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Thread: The weight plate, where does it need to be? Reply to Thread
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  Topic Review (Newest First)
20-05-2015 22:51
Jean-Luc
Quote:
Originally Posted by Mrplodd View Post
Jean-Luc

You are assuming that any enforcement officers will not look for any additional plate within the vehicle, or ask for sight of the V5 if you are on the continent. From personal experience a fairly thorough search is made to ascertain that the correct weight plate is being used. (No-one wants to look an idiot when they get to court trust me!) Also don't forget that such information will be held on the Police National Computer (PNC) database in the UK .

There will probably not be any danger if son is driving BUT he will be committing the offence of driving a vehicle of a class that he does not hold a licence for and, as I stated earlier, he CANNOT hold insurance to drive that class of vehicle.

You/he can of course take that chance but you need to be aware that the pair of you could be in line for some hefty fines. In addition any conviction for an insurance offence will have a severe impact on any future premium charged by an insurance company for ANY vehicle.

Your opinion of whether it's safe or otherwise counts for nothing. It's what the law says that will count if/when you get caught.

Your choice.

Andy
See post #48
20-05-2015 18:41
Mrplodd Jean-Luc

You are assuming that any enforcement officers will not look for any additional plate within the vehicle, or ask for sight of the V5 if you are on the continent. From personal experience a fairly thorough search is made to ascertain that the correct weight plate is being used. (No-one wants to look an idiot when they get to court trust me!) Also don't forget that such information will be held on the Police National Computer (PNC) database in the UK .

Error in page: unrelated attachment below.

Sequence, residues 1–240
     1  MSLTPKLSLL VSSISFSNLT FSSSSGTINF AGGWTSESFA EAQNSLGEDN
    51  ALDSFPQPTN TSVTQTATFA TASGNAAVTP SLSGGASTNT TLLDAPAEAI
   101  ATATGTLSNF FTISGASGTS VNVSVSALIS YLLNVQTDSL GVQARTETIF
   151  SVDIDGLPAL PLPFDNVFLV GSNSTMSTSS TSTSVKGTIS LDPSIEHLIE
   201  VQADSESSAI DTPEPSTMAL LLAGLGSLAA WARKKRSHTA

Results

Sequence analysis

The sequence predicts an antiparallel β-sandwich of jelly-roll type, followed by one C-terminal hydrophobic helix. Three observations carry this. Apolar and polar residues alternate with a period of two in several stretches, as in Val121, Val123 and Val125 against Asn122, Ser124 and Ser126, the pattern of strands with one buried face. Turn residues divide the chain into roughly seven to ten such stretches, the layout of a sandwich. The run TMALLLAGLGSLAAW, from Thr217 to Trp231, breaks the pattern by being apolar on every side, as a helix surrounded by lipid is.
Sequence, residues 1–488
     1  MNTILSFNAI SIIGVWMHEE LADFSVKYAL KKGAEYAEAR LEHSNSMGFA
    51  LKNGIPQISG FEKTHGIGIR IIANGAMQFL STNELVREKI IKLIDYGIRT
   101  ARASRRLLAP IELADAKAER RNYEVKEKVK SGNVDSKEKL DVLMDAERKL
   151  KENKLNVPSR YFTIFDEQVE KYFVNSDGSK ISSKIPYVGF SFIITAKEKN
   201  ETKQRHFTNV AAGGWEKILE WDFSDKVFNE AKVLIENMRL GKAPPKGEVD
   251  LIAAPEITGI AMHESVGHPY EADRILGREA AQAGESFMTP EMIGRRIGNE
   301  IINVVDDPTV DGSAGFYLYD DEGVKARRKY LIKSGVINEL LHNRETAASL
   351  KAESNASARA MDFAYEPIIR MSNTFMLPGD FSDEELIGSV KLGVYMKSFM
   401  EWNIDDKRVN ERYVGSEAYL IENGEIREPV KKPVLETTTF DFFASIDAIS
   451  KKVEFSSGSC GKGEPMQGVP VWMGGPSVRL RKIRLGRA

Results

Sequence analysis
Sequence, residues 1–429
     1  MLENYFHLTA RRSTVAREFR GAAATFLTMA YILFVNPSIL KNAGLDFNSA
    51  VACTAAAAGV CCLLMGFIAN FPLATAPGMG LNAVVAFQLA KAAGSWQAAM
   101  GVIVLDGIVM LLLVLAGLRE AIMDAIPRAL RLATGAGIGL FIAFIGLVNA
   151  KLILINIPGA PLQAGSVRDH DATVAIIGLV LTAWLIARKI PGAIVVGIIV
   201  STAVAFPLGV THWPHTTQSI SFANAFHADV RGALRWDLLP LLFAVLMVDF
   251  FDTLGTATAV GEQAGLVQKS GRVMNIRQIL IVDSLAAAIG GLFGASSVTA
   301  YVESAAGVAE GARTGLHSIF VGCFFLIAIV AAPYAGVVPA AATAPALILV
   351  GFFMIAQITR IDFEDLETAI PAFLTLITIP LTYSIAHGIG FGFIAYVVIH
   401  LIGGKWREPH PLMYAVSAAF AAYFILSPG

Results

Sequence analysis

There will probably not be any danger if son is driving BUT he will be committing the offence of driving a vehicle of a class that he does not hold a licence for and, as I stated earlier, he CANNOT hold insurance to drive that class of vehicle.

You/he can of course take that chance but you need to be aware that the pair of you could be in line for some hefty fines. In addition any conviction for an insurance offence will have a severe impact on any future premium charged by an insurance company for ANY vehicle.

Your opinion of whether it's safe or otherwise counts for nothing. It's what the law says that will count if/when you get caught.

Your choice.

Andy
20-05-2015 16:17
Jean-Luc
Quote:
Originally Posted by Mrplodd View Post
Jean-Luc

It's the same scenario with all MH's (or anything else that has been up/down rated) All of the plates must be visible even if it has been superseded.

Your idea works well UNTILL an enforcement officer decides to take it to a weighbridge, if the son is driving (B licence) then you will probably be looking at a hefty fine for being over 3500kg! If then try and use the 3850Kg plate he is in the smelly for having no licence (and as a consequence no insurance as he doesn't have a licence for that class of vehicle) No insurance is a VERY serious offence and the penalties reflect that.

Andy
I agree with all you have said.

However if the son is driving and is checked (a) he may be under the 3,500kg and (b) if he is over and 'owns up' to the 3,500kg plate and gets done for over the 3,500kg it's a lesser offence than having no licence and its consequences.

BTW how would being over the GVW as per plate but not exceeding axle weights be viewed, particularly as there would be no danger element because the vehicle would be operating within the capability of its tyres and suspension.
I'm sure many motorhome are operated in that condition. It's noted on the Michelin website in their bit about the reason for developing the Camper tyre and also in paragraph (2) HERE
19-05-2015 13:04
Mrplodd Jean-Luc

It's the same scenario with all MH's (or anything else that has been up/down rated) All of the plates must be visible even if it has been superseded.